The WTC Attack, Sep 11 2001

Commentary and Analysis

William Beeman: Understanding Osama bin Laden

Understanding Osama bin Laden
William O. Beeman, Pacific News Service
September 12, 2001

Providence, Rhode Island -- The United States risks a severe miscalculation in dealing with the destruction of the World Trade Center and the attack on the Pentagon on Tuesday.

This event is not an isolated instance of violence. This is not an "act of war." It is one symptom of a cancer that threatens to metastasize.

The root cause is not terrorist activity, as has been widely stated. It is the relationship between the United States and the Islamic world. Until this central cancerous problem is treated, Americans will never be free from fear.

Merely locating and hunting down a single "guilty party" in this case will not stop future violence: such an action will not destroy the organization of terrorist cells already established throughout the world. Of greater importance, it will do nothing to alleviate the residual enmity against America.

The perpetrators of the original attack on the World Trade Center in 1993 were caught and convicted. This did not stop the attack on Tuesday.

The chief suspect is the Saudi Arabian Osama bin Laden, or his surrogates. He has been mischaracterized as an anti-American terrorist. He should rather be thought of as someone who would do anything to protect Islam.

Bin Laden began his career fighting the Soviet occupation of Afghanistan in 1979, when he was 22 years old. He has not only resisted the Soviets, but also the Serbians in Yugoslavia. His anger was directed against the United States primarily because of the U.S. presence in the Gulf region, more particularly in Saudi Arabia itself -- the site of the most sacred Islamic religious sites.

According to bin Laden, during the Gulf War America co-opted the rulers of Saudi Arabia to establish a military presence in order to kill Muslims in Iraq. In a religious decree issued in 1998, he gave religious legitimacy to attacks on Americans in order to stop the United States from "occupying the lands of Islam in the holiest of places." His decree also extends to Jerusalem, home of the sacred Muslim site the al-Aqsa Mosque.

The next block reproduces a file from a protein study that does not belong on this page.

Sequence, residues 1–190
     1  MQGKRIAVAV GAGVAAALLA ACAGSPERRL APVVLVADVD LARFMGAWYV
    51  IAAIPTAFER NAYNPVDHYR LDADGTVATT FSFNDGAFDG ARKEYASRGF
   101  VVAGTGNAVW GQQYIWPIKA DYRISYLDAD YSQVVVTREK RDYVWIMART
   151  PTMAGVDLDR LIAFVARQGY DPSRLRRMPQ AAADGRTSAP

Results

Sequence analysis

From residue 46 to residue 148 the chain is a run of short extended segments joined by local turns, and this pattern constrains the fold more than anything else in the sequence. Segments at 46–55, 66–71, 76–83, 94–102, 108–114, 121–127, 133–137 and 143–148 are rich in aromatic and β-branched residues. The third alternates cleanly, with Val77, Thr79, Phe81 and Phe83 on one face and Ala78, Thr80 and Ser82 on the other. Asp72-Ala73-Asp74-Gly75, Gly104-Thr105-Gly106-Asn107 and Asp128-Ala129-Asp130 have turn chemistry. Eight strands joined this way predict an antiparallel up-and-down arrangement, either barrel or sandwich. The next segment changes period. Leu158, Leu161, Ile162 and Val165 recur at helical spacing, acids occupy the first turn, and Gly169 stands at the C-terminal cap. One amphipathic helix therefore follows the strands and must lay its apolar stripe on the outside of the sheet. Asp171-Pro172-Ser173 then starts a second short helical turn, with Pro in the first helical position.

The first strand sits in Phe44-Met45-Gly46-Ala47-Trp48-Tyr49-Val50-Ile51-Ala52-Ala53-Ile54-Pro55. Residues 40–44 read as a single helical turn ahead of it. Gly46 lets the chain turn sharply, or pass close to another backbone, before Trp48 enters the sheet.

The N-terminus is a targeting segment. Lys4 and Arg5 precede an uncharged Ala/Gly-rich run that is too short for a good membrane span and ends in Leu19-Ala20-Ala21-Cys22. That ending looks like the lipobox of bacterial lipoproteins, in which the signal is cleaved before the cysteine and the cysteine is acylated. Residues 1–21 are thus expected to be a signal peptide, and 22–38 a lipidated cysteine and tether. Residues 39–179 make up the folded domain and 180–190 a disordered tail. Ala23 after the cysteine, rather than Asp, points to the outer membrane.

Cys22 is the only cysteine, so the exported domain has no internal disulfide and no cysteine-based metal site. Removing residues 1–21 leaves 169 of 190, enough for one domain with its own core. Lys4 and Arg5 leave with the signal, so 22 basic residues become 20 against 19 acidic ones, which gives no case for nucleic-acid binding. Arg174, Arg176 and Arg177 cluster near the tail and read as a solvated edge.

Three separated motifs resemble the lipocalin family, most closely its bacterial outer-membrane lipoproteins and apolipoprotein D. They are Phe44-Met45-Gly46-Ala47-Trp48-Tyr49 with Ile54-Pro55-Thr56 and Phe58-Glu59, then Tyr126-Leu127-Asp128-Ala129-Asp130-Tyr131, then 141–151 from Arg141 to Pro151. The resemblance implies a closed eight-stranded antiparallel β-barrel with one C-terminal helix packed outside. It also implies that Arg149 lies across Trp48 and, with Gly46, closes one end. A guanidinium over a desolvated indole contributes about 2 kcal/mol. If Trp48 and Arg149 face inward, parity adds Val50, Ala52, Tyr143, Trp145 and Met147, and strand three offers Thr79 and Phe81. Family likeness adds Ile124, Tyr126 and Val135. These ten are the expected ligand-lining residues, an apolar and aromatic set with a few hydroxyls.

Bin Laden will not cease his opposition until the United States leaves the region. Paradoxically, his strategy for convincing the United States to do so seems drawn from the American foreign policy playbook. When the United States disapproves of the behavior of another nation, it "turns up the heat" on that nation through embargoes, economic sanctions or withdrawal of diplomatic representation. In the case of Iraq following the Gulf War, America employed military action, resulting in the loss of civilian life.

The State Department has theorized that if the people of a rogue nation experience enough suffering, they will overthrow their rulers, or compel them to adopt more sensible behavior.

The terrorist actions in New York and Washington are a clear and ironic implementation of this strategy against the United States.

Bin Laden takes no credit for actions emanating from his training camps in Afghanistan. A true ideologue, he believes that his mission is sacred, and he wants only to see clear results. For this reason, the structure of his organization is essentially tribal, or cellular, in modern political terms. His followers are as fervent and intense in their belief as he is. They carry out their actions because they believe in the rightness of their cause, not because of bin Laden's orders or approval. Groups are trained in Afghanistan, and then establish their own centers in places as far-flung as Canada, Africa and Europe. Each cell is technologically sophisticated, and may have a different set of motivations for attacking the United States.

Palestinian members of his group see Americans as supporters of Israel in the current conflict between the two nations. In the Palestinian view, Ariel Sharon's ascendancy to leadership of Israel has triggered a new era, with U.S. government officials failing to pressure the Israeli government to end violence against Palestinians. Palestinian cell members will not cease their opposition until the United States changes its relationship with the Israeli state.

Above all, Americans need to remember that the rest of the world has an absolute right to self-determination that is as defensible as our own. A despicable act of terror such as that committed in New York and Washington is a measure of the revulsion that others feel at U.S. actions that seemingly limit those rights. If we perpetuate a cycle of hate and revenge, this conflict will escalate into a war that our great-grandchildren will be fighting.

William O. Beeman is a specialist on Middle East culture at Brown University. He has worked for the past four years in Tajikistan, where he has monitored developments in Afghanistan.
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